Dorset PCC: Sarah Payne detective Martyn Underhill wins
A former police chief, who was second in charge during the Sarah Payne murder investigation, has been voted Dorset's first police and crime commissioner.
Independent Martyn Underhill beat the Conservative's Nick King after second choice votes were counted as neither managed to get more than 50% of votes.
Mr Underhill got 51,930 votes - 60.1%, ahead of Mr King with 34,451 - 39.9%.
Labour's Rachel Rogers and Liberal Democrat Andy Canning were eliminated in the first round.
BBC Radio Solent's Tristan Pascoe, who was at the count, said the Tories left the building before the final result from the second count had been declared.
He said they had already stated that they would refuse to share the platform with Mr Underhill when final declaration took place citing "negative campaigning".
Tory candidate Nick King later told the BBC: "I wish Martin all the best.
"When it became clear he had won, I wanted to thank my team for their hard work in the face of a very negative campaign, so I took them to the pub so Martin could enjoy his victory in peace."
'It got bloody'
After winning Mr Underhill thanked the public for voting for him, but blamed the government for the low turnout.
Only 96,149 valid ballots were cast in Dorset, out of 588,436 registered voters - a 16.3% turnout.
"The blame lies with the government," he said.
"The government organised a bad campaign and educated the public badly."
He said it was a "fair point" that he may only have won the vote based on the fact the public did not want the election to be political.
"I won every single area which clearly displays people do not want politics involved," he said.
During his winner's speech, Mr Underhill said the race saw him going "head to head" with Mr King.
"It got bloody and we now we need to heal, because I am here to represent everyone in Dorset regardless of their party preference."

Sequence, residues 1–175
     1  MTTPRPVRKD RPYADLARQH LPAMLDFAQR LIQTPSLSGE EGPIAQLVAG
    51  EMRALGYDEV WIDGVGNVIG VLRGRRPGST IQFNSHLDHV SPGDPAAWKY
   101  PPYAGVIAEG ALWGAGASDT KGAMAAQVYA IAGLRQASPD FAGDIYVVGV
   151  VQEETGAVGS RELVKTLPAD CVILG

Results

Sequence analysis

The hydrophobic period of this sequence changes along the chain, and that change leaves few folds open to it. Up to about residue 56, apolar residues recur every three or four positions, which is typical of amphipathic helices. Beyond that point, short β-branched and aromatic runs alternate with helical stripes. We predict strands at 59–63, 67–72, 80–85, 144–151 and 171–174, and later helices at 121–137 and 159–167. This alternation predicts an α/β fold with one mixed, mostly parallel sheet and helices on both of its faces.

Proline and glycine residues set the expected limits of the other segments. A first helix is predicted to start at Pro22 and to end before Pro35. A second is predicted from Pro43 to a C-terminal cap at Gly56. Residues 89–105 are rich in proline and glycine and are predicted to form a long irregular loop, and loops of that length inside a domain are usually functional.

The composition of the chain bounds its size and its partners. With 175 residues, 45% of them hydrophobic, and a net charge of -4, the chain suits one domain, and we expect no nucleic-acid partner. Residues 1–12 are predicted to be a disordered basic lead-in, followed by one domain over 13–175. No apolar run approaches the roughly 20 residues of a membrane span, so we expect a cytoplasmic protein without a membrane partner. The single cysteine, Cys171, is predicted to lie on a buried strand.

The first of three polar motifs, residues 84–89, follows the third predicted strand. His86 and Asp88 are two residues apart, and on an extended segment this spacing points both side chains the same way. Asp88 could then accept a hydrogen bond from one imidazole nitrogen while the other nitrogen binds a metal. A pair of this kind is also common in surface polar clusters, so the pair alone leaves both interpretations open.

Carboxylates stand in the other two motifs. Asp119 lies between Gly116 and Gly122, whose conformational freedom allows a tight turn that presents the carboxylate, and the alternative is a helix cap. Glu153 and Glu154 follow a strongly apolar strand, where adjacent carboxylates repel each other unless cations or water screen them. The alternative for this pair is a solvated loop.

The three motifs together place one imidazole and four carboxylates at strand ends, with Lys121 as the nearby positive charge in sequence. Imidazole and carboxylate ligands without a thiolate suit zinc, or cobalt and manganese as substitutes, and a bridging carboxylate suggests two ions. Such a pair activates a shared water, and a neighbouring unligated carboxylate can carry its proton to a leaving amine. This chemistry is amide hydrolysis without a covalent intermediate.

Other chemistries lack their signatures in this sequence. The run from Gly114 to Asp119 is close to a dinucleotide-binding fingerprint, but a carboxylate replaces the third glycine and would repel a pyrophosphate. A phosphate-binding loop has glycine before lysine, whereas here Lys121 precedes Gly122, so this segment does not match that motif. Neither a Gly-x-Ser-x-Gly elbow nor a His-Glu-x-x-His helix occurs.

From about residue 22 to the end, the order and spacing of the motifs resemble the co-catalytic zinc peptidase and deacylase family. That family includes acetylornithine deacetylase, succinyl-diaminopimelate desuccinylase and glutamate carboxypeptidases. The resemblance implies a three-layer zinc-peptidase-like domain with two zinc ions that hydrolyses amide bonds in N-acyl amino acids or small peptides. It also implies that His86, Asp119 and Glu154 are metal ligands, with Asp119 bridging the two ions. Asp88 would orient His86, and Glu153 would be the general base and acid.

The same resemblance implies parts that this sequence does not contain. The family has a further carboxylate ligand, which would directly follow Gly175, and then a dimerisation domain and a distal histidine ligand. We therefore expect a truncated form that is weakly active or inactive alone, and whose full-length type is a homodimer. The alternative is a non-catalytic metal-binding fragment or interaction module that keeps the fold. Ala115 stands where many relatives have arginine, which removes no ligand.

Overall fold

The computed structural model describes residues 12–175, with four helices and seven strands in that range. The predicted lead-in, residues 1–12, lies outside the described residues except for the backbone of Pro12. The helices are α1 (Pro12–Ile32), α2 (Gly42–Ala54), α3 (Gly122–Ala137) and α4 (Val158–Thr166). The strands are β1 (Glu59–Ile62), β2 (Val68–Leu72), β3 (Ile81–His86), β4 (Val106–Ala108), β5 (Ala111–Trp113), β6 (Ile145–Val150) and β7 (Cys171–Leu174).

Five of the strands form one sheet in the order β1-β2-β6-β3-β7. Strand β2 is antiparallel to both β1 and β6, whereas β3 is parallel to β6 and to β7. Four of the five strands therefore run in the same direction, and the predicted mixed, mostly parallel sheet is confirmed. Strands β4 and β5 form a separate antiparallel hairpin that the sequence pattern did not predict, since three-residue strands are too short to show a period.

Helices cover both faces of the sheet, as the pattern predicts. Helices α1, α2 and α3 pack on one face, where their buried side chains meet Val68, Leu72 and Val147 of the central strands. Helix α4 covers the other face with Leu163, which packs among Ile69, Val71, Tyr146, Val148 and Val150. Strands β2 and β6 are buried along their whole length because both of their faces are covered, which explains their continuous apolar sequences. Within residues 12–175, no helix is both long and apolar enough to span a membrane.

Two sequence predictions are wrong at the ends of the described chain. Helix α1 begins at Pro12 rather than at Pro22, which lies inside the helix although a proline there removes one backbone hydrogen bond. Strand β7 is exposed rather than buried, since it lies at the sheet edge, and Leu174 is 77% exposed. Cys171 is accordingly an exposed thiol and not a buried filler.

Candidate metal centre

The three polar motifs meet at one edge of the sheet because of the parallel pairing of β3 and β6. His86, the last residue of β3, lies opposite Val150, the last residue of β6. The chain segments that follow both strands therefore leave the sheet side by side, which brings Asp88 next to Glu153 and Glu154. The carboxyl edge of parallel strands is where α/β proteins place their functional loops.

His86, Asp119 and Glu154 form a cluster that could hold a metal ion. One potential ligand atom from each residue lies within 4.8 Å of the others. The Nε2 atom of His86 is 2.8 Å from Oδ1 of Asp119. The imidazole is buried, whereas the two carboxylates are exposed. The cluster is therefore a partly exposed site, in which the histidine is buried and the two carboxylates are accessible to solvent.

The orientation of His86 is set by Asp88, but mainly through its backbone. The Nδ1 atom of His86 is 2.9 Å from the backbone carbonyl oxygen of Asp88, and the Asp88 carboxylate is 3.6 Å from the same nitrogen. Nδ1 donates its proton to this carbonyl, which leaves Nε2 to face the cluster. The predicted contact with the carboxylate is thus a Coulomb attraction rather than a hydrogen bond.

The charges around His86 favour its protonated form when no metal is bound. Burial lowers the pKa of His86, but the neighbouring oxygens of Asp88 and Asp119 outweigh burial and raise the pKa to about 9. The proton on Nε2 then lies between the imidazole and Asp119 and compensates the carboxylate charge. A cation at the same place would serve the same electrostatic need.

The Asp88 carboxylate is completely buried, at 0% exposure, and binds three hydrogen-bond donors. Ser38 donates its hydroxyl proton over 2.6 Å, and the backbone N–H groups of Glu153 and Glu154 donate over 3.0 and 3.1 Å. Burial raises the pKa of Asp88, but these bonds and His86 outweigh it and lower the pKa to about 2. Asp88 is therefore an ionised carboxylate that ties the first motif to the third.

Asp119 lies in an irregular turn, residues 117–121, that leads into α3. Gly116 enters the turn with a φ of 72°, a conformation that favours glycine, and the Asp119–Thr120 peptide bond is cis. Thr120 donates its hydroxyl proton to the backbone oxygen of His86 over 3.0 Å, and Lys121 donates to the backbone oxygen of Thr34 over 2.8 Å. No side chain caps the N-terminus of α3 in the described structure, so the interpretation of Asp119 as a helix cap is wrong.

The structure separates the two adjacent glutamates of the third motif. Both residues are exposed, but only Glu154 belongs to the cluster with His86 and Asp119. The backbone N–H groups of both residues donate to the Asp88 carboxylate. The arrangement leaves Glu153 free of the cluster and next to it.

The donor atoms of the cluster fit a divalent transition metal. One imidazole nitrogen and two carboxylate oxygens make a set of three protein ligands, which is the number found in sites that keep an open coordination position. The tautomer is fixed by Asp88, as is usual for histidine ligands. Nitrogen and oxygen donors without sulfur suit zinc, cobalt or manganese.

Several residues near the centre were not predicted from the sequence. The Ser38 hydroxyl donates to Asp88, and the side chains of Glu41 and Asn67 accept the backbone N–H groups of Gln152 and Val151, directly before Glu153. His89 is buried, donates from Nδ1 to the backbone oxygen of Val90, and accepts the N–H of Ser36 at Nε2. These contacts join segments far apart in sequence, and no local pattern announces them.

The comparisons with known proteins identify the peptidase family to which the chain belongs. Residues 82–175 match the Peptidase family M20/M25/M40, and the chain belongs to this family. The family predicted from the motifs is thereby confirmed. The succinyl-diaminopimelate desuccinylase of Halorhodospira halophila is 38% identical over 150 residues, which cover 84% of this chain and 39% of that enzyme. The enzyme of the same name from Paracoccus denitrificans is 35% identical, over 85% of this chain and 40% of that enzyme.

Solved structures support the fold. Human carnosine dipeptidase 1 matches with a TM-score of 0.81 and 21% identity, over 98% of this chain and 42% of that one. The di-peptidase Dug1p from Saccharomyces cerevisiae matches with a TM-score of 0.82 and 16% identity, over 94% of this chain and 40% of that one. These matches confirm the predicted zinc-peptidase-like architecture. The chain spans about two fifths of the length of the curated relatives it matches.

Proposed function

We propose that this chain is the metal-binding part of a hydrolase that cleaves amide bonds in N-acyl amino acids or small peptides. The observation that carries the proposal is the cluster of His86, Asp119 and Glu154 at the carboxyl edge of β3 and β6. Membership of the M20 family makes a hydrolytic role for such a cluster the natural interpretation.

He said his "number one" priority was to hire a chief constable "with my vision".
"There's a lot to do in the first 100 days."
Mr Underhill moved to Dorset after retiring from Sussex Police in 2009 and went on to campaign on issues surrounding safeguarding children, including Sarah's Law which was introduced in Dorset in 2010.
He has vowed to make tackling anti-social behaviour, reducing marine and rural crime and putting victims first priorities.
Ms Rogers, the Labour candidate, said she was really pleased to come third.
"It is a significantly better result than I ever expected - a victory for the Labour Party in Dorset," she said.
But she also criticised the election, saying the government deciding not to fund a mailshot to households had "penalised voters".
"Uninformed voting is not democratic," she said.
"It wasn't a shock result but it may be a shock as to how much he won by," said Mr Canning of the appointment of Mr Underhill to the role.
"To be so decisively ahead across the whole of Dorset illustrates the depth of disillusionment with party politics."
The new PCCs, which replace police authorities, will set spending plans and have the power to "hire and fire" chief constables.
Mr Underhill will oversee policing in the county of more than 700,000 people and a budget which was set at £117m for 2012-13 - a reduction of about £3m compared to the 2011-12 figure of £120m. Further cuts are expected up until 2015.
Chief Constable of Dorset Police Debbie Simpson said: "On behalf of the force I would like to offer our warmest congratulations to Mr Underhill.
"I look forward to working with him when he takes office on 22 November, 2012."